< ol : InQ | Q : q > .

(* Input -> Input: Discard rule for MD signal *)

< ol : ABP1 | Sf : mjmf, D : dl, Bt : 6 > ® < ol : InQ | Q : MD(d, bl).q > - 0 ^ < ol : ABP1 | Sf : input, D : dl, Bt : 6 > <g> < ol : InQ | Q :q> .

(* Transmit -> SetT: Transmit signal MD *)

< abp : Blk | Ps :< ol : ABP1 \ St : transmit, D : d, Bt : 6 > ®cf > <g>

< c2 : Cftan | Q :q> = 1 < abp : Blk \ Ps :< ol : ABP1 \ St : setT, D : d,Bt :b> ®cf > <g> < c2 : Chan | Q : q.MD{d, 6) > .

(* SetT -> Wait: Set timer TOut: 2 Cases *) (* Case 1: Timer is already active *)

< ol : ABP1 | St : setT, TS : ts > ® < ol : InQ | Q : q > - 0

< ol : ABP1 | St : setT, TS : ts > ® < ol : InQ | Q : Rem(TOut,q) >

if Active(TOut,ts) = True.

< al : ABP1 | St : setT > <g> < TOut : Tm \ time : tl,P : ol, TO : bl > - 1 ol : ^BPi | 5i : waii > ® < TOut : Tm \ time :T,P : al, TO : False > .

(* Case 2: Timer is inactive so create timer object *)

< ol : ABP1 | St : setT, TS : ts > ^ 1 ol : ABP1 \ St : watt, TS : ts. TOut > ® < TOut : Tm \ time : T, P : ol, TO : False >

if Active(TOut,ts) = False.

(* Wait -> Transmit: Time out signal TOut read so remove timer *)

< ol : ABP1 | St : watt, SQ : qO, TS : ts > ® < ol : InQ | Q : TOut.q > ®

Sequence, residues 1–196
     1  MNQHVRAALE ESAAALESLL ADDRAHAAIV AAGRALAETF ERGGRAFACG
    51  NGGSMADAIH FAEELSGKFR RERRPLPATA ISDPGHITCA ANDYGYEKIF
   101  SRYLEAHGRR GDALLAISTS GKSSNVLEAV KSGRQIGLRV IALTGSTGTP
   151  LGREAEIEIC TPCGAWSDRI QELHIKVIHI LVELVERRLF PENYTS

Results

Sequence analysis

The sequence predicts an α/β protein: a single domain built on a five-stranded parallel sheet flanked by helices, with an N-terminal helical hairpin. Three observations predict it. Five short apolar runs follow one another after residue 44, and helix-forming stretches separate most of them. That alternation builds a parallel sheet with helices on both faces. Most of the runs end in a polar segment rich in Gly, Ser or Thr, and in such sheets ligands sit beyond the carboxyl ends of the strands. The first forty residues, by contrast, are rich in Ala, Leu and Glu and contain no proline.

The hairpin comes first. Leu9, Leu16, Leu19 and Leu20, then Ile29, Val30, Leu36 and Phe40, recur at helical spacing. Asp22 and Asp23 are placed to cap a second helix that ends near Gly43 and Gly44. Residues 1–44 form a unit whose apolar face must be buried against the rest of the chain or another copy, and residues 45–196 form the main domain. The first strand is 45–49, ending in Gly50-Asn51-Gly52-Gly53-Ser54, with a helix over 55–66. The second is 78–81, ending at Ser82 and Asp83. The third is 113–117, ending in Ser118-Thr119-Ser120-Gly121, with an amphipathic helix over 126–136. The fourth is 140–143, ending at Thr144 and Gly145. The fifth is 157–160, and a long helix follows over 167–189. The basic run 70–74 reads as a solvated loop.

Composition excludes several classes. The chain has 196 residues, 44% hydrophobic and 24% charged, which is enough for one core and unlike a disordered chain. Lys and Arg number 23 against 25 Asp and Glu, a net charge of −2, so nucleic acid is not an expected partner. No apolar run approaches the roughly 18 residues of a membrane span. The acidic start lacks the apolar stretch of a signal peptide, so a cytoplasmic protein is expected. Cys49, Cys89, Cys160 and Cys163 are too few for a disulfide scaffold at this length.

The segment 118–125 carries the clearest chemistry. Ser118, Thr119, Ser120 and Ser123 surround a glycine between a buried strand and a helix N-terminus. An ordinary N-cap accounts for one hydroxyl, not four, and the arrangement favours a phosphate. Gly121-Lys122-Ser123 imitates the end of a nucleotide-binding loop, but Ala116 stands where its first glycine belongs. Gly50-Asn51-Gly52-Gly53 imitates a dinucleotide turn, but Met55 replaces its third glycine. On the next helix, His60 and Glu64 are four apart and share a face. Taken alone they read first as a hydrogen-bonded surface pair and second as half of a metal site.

< TOut : Tm | P : ol > = 1 =£-< ol : ABP1 \ St : transmit, SQ : empty, TS : Rem (TOut, ts) > <g> < ol : InQ | Q : qO.q > .

(* Wait -> Input or Transmit: MD(Ack,b) signal read so 2 Choices *) (* Choice 1: -> Input: Bt equals input b so reset timer TOut: 2 Cases *)

< ol : ABP1 | St : watt, TS : ts, SQ : qO, B : bl, Bt:b2>®

< ol : InQ | Q : MD(Ack,b).q > = 1 < ol : ABP1 \ St : input, TS : ts, SQ : empty, B : b, Bt : 62 > <g> < ol : InQ | Q : qO.q >

if (62 = 6) A Active( TOut, ts) = False.

< ol : ABP1 | St : wait, TS : ts, SQ : qO, B : 61, Bt : 62 > <g> < ol : InQ | Q : MD(Ack, b).q>® < TOut : Tm \ time : t, P : al, TO : bl > = 1

< al : ABP1 | St : input, TS : Rem(TOut,ts), SQ : empty, B : 6, Bt : 62 > ®

< ol : InQ | Q : qO.Rem(TOu,t, q) > if (62 = 6) A Active(TOut,ts) = True,

(* Choice 2: -> Transmit: Bt not equal to input b so retransmit *)